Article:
Now we’re at the house and the neighbours are coming out to have a look. Ian points out the subtleties: the external fuel filler for a tank now set vertically behind the rear seat, the air extractor louvres where the filler flap used to be and more air extractors ahead of the doors.

Yes, the signature Callum wing louvres: “I’ve got the functional side vents at last.” The front wings have been remade to pull the tops of the arches out slightly, so subtly that you’d never guess. ‘IC’ logos adorn the bootlid and main dials, and Ian’s signature, in silver, is encased in the glovebox’s lacquer.

The wheels are 17in split-rim wires by Turrino. “We had some debate about wheel size, but 18 inches was too big. It needs some tyre on it to look right.” All four wheels sit perfectly within their arches thanks to offsets that make the front and rear tracks equal, unlike the original. It’s part of a suspension revamp that includes lowering the body by 30mm on the front subframe, adding anti-dive, fitting a bespoke, electrically assisted steering rack in place of the steering box, fine-tuning the camber and killing the bump steer.

The engine sits lower and slightly inclined, to straighten the driveline and improve cooling. The gearbox is a five-speed Tremec T5. Everything has changed at the rear, the leaf springs and solid axle replaced by a multi-link independent system based on that of the X-type but heavily redimensioned and using original Mark 2 mounting points. CMC’s Andrew Turvey designed it, plotting the geometry the old-fashioned way with fishing line and marks on the floor.

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More than 6500 hours of building and development time have gone into this 1963-going-on-2014 Mark 2. “I must get Mike Cross to have a go in it,” says Callum. Yes, the Jaguar dynamics chief’s seal of approval would finish it off nicely.

So what's it like to drive?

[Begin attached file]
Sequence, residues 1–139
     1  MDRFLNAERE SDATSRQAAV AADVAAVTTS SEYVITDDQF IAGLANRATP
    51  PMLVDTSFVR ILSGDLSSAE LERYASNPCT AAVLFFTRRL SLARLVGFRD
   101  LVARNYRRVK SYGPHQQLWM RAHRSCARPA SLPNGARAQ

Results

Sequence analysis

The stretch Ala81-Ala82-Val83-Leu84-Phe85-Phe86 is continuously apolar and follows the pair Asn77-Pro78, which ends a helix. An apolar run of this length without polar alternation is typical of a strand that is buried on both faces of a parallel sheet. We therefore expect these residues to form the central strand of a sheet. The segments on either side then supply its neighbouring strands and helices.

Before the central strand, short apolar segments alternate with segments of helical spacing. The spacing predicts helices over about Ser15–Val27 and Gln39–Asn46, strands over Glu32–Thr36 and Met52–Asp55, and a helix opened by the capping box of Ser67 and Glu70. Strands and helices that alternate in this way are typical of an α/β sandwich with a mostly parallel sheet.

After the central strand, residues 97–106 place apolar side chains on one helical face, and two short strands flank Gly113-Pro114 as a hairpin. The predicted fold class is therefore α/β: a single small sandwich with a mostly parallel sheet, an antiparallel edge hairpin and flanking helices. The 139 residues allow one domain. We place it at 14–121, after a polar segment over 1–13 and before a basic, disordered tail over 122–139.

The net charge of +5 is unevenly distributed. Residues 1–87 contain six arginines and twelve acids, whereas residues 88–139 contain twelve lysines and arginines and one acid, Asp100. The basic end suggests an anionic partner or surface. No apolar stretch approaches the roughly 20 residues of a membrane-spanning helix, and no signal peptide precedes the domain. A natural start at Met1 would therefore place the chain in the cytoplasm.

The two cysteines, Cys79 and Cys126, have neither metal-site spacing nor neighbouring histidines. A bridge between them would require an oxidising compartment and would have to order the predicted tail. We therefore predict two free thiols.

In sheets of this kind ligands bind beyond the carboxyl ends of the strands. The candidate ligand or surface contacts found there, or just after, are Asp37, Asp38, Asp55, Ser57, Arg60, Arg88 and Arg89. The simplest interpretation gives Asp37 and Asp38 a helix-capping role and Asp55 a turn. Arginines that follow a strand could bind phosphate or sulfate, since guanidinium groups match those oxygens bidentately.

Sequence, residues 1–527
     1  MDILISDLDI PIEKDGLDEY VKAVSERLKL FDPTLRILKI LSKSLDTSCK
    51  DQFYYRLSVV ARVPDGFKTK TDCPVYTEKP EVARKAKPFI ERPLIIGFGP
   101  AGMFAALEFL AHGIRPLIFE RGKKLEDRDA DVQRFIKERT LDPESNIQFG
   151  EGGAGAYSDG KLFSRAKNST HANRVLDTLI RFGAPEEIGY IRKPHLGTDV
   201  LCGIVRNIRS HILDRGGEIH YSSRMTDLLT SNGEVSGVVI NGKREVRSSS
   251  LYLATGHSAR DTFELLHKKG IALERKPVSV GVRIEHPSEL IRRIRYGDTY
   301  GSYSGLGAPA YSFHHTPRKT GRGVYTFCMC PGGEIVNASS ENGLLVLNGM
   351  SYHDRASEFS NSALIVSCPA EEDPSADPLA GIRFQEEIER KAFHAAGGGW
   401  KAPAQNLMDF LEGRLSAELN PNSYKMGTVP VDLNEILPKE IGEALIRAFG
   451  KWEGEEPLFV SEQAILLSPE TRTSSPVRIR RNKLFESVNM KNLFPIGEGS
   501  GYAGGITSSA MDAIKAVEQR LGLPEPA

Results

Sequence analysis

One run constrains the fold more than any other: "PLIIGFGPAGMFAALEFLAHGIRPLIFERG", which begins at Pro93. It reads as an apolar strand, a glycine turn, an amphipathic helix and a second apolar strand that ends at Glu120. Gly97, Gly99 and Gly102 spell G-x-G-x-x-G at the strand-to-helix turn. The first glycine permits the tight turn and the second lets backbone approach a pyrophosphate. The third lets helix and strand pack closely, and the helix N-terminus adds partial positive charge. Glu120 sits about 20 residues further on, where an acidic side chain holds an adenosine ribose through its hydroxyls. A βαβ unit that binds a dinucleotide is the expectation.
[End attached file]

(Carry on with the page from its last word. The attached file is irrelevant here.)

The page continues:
Before driving the Mark 2 by Callum, I tried a standard car. Its heavy, springy steering and slow-shifting Moss gearbox gave it a strong feeling of likeable, busy vintageness. Callum’s car is from another planet.

Its 4.3-litre, 260bhp XK engine, fed by an authentic pair of SU HD8 carburettors, fired by electronic ignition and exiting its spent gases through a pair of central tailpipes, pulls cleanly and lustily.

The gearchange is quick and precise, ditto the steering. The rigidity and ride are both those of a modern car, and even the wind noise is acceptable despite the old-style rain gutters. 

Dynamically, this is a well developed, capable and enjoyably agile machine.

Just two snags. The brakes tend to ‘hang on’ momentarily when you release the pedal, a servo characteristic which CMC director Nick Goldthorp intends to fix. And, just like in the original Mark 2, it’s almost impossible to heel and toe, because the accelerator pedal is too low.

With these glitches fixed, this really will be a modern-feeling car in cleverly retro-flavoured clothes. You could happily use it every day, if you dared.

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jensen_healey 15 December 2014

Dear Mr Callum Please note

Dear Mr Callum

Please note the correct use and orientation of the leaper on this vehicle.


Michael.P.Ross 15 December 2014

Infinitely better looking

Infinitely better looking than the original in every possible way.
bomb 15 December 2014

His car, his money, his

His car, his money, his rules. And with so few scheduled to be built there's a good chance I'll never see one, thank goodness.